How to control a switched electical outlet


This is new construction so wires are not yet run. We will have some soffet plugs outside for christmas lights on one circuit . Also on another circuit, we will have some outdoor plugs we would like to use for lights in the bushes. Another plug in the family room will be used for the tree.

Old school would be to have these circuits connected to switches for manual control. Another step in automation would be to wire these to a timer that would let us have them turn on at approx dusk and off at midnight.

We have a centralite system and will have an automation panel (Omni or ELK). We will also have a PC based master automation system. So I am wondering what would be the best way to tie these plugs in so they can be automated at the right season and have the ability to turn on/off like a switch at other times. We had thought to make them loads on the centralite system, but the electrician says the plugs could carry more current (15A or 20A) than the panel is rated for (8A each, 72A total). I am not really sure that the load from christmas lights would be that high, but I guess something that draws higher current could be plugged in those outlets eventually. I am guessing a relay of some sort would be required.

The LiteJet can take an accessory relay panel but it is low voltage, so I guess this won't work. The Elk expansion module appears to be limited to 10A. Surly this is a fairly standard task to automate, but haven't found anything specifically addressing this.

Any suggestions?
Hi, Kayemsi:

Your electrician is correct, but I would ignore him unless your local code has a problem with limiting an outlet to 8 amps.

Eight amps is a fair amount for lighting. You just want to be careful not to plug your air-compressor or space heater into one of the switched outlets. My solution is to have only one of the two outlets switched, and that the switched one would be OFF by default. That way, when you find that the hand-drill does not work when plugged into one, you simply move to the other one. Of course, this means two romex lines into the box.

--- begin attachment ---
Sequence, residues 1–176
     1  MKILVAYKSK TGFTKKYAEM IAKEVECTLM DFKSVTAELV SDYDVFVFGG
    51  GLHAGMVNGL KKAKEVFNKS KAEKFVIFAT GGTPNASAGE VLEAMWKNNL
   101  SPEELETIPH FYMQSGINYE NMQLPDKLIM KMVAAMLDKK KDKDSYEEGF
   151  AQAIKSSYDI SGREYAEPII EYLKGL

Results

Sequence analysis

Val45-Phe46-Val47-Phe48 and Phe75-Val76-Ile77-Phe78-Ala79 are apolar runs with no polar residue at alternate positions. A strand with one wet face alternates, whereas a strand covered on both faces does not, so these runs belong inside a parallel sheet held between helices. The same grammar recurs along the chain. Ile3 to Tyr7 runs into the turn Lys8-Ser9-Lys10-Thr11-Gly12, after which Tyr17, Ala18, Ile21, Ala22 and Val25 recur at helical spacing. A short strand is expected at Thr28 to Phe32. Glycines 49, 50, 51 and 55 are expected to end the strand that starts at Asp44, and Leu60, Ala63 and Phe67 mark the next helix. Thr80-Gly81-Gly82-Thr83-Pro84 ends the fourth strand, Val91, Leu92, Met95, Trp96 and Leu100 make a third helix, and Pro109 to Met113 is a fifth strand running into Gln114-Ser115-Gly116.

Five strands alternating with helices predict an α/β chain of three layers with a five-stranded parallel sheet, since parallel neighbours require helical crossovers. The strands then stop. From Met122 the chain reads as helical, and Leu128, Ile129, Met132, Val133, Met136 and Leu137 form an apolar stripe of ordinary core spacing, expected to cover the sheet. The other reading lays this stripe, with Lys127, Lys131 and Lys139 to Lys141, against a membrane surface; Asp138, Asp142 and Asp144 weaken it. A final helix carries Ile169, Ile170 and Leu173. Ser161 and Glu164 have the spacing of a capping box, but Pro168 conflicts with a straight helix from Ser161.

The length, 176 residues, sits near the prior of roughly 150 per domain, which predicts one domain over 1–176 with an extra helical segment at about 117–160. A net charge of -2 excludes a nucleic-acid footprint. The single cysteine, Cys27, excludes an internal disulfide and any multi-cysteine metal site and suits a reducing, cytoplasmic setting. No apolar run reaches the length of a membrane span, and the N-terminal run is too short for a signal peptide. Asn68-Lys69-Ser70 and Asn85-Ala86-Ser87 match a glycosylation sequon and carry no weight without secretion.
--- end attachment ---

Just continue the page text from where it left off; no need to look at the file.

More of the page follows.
The CentraLite is a good choice for control of outdoor lights, because of the astronomical clock.
kayemsi said:
The Elk expansion module appears to be limited to 10A.
That may be true, depending upon which expansion unit you are talking about. But there is no problem having the Elk drive multiple relays, each controlling jigawatts (assuming you had a jiggawatt relay). So one Elk output could drive a medium relay that drives 100 heavy duty relays (also called contactors), each controlling 20A.
Could you not just use the centralite to trip a relay? Rather then having the actual load go through it. I'm somewhat surprised the electrician didn't offer that up or a simular solution.

You could then also go with the lightorama too if you like.

(I have jack for centralite experience, not much in lighting controls either... So educate me somebody. :()
If the panel is only rated for 8A and the outlet is rated for 15A, you should be able to do it by putting in a protection device (circuit breaker) that is rated at 8A. That would mean that if someone plugged in a 15A device, the breaker would trip and protect the panel. A label or a outlet of a different colour would also help in identifying it a special

All subject to local codes obviously